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On Wed, Jun 9, 2010 at 11:10 AM, Roberto Ierusalimschy
<> wrote:
> If 'import' is only called from the main function in a module, then you
> can safely assume that the environment will be the first upvalue of the
> callee function. So, you can use debug.getupvalue to get its value:

Moreover, if redefining a main function environment, you would need to
take care to use "_ENV = ......" rather than "local _ENV = .....".
The latter creates a different variable.  Although there's likely no
need to do that, unless there's some reason to make the environment go
out of scope following main function execution, I am tempted by the
symmetry since any nested environment in the file would also be
declared with "local _ENV = .....", and it emphasizes that the
variable is a lexical with constant binding.

Another danger may occur if one of the module archivers [1] is used to
package multiple Lua modules into a single module.  What might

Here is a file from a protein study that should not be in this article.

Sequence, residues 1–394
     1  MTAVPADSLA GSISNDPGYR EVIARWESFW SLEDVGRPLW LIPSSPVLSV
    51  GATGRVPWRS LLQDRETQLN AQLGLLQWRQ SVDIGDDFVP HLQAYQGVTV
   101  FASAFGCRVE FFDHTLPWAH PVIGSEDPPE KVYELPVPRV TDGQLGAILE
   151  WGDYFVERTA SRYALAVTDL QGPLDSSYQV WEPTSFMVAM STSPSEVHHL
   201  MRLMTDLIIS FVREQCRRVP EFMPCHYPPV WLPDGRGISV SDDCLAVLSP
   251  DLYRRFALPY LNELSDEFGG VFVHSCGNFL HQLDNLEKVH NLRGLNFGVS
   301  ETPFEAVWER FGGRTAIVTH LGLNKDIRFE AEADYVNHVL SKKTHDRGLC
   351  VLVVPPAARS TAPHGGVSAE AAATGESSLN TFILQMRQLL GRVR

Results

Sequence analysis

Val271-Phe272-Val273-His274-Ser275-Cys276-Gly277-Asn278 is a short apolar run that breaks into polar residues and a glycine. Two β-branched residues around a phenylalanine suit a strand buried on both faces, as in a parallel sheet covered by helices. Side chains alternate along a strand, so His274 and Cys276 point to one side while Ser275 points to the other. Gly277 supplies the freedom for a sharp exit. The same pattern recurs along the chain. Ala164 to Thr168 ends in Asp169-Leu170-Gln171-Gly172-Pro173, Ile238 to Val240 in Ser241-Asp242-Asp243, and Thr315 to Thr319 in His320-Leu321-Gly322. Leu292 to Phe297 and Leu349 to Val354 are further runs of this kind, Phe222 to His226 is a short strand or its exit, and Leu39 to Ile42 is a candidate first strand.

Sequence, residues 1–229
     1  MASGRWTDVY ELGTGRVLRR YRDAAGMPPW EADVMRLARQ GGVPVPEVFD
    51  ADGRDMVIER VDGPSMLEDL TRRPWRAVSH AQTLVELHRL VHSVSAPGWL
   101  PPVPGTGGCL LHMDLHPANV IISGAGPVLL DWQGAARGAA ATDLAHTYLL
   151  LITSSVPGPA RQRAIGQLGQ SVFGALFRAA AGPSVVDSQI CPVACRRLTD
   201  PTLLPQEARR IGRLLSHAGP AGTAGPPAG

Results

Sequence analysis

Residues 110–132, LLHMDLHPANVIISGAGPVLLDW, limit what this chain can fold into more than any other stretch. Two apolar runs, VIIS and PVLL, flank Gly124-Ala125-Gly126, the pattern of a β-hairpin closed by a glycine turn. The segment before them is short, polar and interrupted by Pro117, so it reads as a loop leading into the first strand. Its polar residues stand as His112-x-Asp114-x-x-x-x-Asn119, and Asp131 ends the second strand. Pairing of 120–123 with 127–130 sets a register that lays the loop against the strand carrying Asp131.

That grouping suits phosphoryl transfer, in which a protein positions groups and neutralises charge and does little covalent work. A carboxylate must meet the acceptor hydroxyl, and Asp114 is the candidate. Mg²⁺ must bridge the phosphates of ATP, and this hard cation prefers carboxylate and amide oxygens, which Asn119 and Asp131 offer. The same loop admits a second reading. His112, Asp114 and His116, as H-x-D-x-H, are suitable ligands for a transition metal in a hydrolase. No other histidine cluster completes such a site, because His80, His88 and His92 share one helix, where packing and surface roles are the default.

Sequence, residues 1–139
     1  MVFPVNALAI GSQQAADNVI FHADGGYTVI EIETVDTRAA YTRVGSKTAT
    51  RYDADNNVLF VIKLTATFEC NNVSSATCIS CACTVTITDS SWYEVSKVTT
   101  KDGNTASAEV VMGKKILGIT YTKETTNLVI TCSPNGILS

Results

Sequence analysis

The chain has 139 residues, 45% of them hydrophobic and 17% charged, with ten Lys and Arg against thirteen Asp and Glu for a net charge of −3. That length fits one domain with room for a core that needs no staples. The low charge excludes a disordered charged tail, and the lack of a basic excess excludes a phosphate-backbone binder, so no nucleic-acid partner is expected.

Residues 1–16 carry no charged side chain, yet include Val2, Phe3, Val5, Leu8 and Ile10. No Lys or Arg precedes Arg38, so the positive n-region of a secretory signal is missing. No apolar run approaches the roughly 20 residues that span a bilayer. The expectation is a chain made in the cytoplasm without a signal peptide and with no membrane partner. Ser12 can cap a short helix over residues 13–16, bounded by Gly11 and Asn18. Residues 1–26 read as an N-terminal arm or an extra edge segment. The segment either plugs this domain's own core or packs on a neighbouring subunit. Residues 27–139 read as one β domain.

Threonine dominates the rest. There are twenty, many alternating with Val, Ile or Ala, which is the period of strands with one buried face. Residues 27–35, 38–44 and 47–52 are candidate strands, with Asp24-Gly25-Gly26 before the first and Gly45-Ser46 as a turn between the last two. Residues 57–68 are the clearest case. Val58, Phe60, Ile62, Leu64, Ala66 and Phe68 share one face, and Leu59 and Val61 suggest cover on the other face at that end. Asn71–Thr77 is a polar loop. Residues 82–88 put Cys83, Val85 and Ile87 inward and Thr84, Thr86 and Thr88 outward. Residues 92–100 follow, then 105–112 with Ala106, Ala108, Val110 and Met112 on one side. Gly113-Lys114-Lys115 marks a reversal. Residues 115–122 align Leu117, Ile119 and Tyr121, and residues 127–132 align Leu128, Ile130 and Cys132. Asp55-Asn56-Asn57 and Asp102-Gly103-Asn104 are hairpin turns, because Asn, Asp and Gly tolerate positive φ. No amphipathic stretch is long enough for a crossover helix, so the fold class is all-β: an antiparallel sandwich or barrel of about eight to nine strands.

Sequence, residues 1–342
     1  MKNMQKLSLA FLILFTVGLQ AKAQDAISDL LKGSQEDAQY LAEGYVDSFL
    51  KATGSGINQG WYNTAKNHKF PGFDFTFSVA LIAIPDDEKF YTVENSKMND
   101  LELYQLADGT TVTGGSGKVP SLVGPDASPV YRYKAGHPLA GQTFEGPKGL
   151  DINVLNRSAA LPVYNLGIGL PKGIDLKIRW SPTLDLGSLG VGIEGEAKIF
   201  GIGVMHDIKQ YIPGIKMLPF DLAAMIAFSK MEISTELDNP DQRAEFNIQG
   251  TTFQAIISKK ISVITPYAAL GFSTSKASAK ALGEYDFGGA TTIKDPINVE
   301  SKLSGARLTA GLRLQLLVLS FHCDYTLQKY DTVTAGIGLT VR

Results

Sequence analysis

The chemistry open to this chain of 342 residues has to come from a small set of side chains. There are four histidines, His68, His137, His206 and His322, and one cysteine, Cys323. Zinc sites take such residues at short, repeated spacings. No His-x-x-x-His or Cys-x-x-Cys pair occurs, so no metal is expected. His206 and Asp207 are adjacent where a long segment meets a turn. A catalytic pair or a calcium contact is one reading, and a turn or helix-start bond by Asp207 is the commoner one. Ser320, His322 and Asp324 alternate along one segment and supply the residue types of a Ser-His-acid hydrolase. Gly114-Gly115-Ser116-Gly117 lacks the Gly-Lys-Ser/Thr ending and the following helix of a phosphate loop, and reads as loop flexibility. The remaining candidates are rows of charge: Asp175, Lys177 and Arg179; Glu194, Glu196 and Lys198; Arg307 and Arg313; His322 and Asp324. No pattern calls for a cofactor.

normally be a main function might not be after the archiving

>From a standpoint of engineering and larger scale programming, I
really don't like stuff like this in Lua that often works but breaks
in weird cases or transformations [2].  So, I don't recommend
debug.getupvalue(debug.getinfo(2).func, 1) but rather something
explicit like _ENV:import "" mentioned by Patrick.  If you
want to infer _ENV, a more complete way is probably to walk the
lexical structure with debug.getlocal, but again that can fail (if
symbols stripped).  Yet another option could be to explicitly register
_ENV in some weak table somewhere each time you declare _ENV.

[2] as I've written elsewhere concerning module/luaL_register and
functions like getfenv/setfenv/error that depend on stack levels